The company I chose to work on is Procter & Gamble as they are a globally recognized brand with a multitude of product offerings. Some of the products they offer are Luvs diapers, Tide laundry detergent, Always pads, and Olay so they are well diversified and most of these are brands that synonymous with value and quality. So, by leveraging the brand and its presence any product I would put in market would be a bit more successful and have an immediate value to customers familiar with the other brands.
Reviewing the brands and lines I think the one area that I feel the most value with is skin care and knowing how important it is to take care of my skin this is where I would focus. Knowing that a lot of people have skin sensitivities I would offer a product line that is organic and sustainable. More and more consumers are concerned about the environmental impact of how their goods are made and supporting local businesses and resources. P&G also has a four-stage testing process and makes sure that all products fall within government regulations, again a great selling point.
For market research, if I was working within P&G, I would do market studies and see if users for our existing brands would have an interest in the products. Once I determine there is an interest or need, I would then see what is currently offered within the market and see who my competitive set is. This would be applied and even basic research methods to collect this data. I then also want to identify my key segment to market to and understand their “persona” which will help influence the brand voice and creative to gain interest and loyalty. A key piece will be setting goals or KPI’s and using a tool to measure success such as google analytics or sales.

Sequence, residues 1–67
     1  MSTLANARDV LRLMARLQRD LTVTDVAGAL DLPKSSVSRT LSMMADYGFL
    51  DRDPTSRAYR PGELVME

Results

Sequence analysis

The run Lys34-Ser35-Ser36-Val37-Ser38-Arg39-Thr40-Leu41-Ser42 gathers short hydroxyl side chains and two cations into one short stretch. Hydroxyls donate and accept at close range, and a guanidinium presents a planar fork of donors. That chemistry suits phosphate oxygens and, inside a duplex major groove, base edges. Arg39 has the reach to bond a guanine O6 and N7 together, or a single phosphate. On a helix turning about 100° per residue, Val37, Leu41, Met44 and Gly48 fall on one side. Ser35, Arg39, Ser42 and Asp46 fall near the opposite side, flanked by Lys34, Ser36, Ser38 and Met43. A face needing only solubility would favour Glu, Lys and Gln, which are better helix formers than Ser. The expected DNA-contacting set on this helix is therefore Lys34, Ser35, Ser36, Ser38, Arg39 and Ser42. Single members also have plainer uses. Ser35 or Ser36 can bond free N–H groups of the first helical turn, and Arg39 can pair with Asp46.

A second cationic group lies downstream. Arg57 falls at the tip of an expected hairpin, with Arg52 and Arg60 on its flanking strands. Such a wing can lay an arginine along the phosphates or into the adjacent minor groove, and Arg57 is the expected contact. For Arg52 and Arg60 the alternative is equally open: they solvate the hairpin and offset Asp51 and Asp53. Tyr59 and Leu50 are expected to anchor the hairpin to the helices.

One of the advantages of mobile phones is that you can target customers immediately and provide more relevant content, the downside is that mobile marketing isn’t as regulated say as email or print. We just read about the case with AT&T and mobile cramming in a lawsuit from 2016, where about 88M was awarded to customers who were charged by third party vendors for services. According to the FCC, mobile cramming is the modern version of what can best be described as a long-time scam where customers are charged for a service unaware. T-Mobile was also hit with a lawsuit in 2014, and Jesta digital were also served lawsuits about mobile cramming on consumers devices. When something like this happens, it undercuts consumer trusts with a brand as consumers expect that a company will do right by them and truly have their best interest first. Cases like this make consumers wary about “the man” and large corporations as AT&T pockets roughly 35% of the mobile cramming charges from customers. Once the trust is shaken it makes it hard to regain customer loyalty and one bad case can ruin a company, such as United, Uber, and Harvey Wienstein company. Although these are not cases of mobile marketing issues these highlight where one bad incident (or many) can ruin a brand. Many of these faced fines and retribution back to customers who were impacted that often in such large sums end up causing a company to buckle under the financial payouts.